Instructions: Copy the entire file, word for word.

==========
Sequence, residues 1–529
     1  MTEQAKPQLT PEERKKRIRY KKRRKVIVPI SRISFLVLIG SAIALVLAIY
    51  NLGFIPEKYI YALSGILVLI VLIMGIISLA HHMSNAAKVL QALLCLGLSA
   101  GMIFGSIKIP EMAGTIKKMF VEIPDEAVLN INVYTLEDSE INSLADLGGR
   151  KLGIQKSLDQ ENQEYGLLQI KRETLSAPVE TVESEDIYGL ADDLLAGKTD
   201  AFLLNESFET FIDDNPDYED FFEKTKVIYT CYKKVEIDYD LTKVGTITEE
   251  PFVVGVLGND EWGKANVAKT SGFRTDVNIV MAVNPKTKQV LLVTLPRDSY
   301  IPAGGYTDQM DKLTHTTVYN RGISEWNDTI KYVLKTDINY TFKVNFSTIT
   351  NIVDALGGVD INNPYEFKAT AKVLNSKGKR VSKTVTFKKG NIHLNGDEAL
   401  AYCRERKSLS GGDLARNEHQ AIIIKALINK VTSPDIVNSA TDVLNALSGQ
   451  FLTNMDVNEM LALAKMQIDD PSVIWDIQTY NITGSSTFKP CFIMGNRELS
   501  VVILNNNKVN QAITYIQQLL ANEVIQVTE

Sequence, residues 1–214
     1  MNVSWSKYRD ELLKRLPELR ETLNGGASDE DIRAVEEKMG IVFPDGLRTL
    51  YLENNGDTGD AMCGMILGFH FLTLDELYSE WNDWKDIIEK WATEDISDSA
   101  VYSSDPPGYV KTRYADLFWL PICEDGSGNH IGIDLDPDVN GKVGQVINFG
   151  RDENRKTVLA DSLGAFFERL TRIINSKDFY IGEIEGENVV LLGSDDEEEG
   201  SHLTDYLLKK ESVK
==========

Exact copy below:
Sequence, residues 1–529
     1  MTEQAKPQLT PEERKKRIRY KKRRKVIVPI SRISFLVLIG SAIALVLAIY
    51  NLGFIPEKYI YALSGILVLI VLIMGIISLA HHMSNAAKVL QALLCLGLSA
   101  GMIFGSIKIP EMAGTIKKMF VEIPDEAVLN INVYTLEDSE INSLADLGGR
   151  KLGIQKSLDQ ENQEYGLLQI KRETLSAPVE TVESEDIYGL ADDLLAGKTD
   201  AFLLNESFET FIDDNPDYED FFEKTKVIYT CYKKVEIDYD LTKVGTITEE
   251  PFVVGVLGND EWGKANVAKT SGFRTDVNIV MAVNPKTKQV LLVTLPRDSY
   301  IPAGGYTDQM DKLTHTTVYN RGISEWNDTI KYVLKTDINY TFKVNFSTIT
   351  NIVDALGGVD INNPYEFKAT AKVLNSKGKR VSKTVTFKKG NIHLNGDEAL
   401  AYCRERKSLS GGDLARNEHQ AIIIKALINK VTSPDIVNSA TDVLNALSGQ
   451  FLTNMDVNEM LALAKMQIDD PSVIWDIQTY NITGSSTFKP CFIMGNRELS
   501  VVILNNNKVN QAITYIQQLL ANEVIQVTE

Sequence, residues 1–214
     1  MNVSWSKYRD ELLKRLPELR ETLNGGASDE DIRAVEEKMG IVFPDGLRTL
    51  YLENNGDTGD AMCGMILGFH FLTLDELYSE WNDWKDIIEK WATEDISDSA
   101  VYSSDPPGYV KTRYADLFWL PICEDGSGNH IGIDLDPDVN GKVGQVINFG
   151  RDENRKTVLA DSLGAFFERL TRIINSKDFY IGEIEGENVV LLGSDDEEEG
   201  SHLTDYLLKK ESVK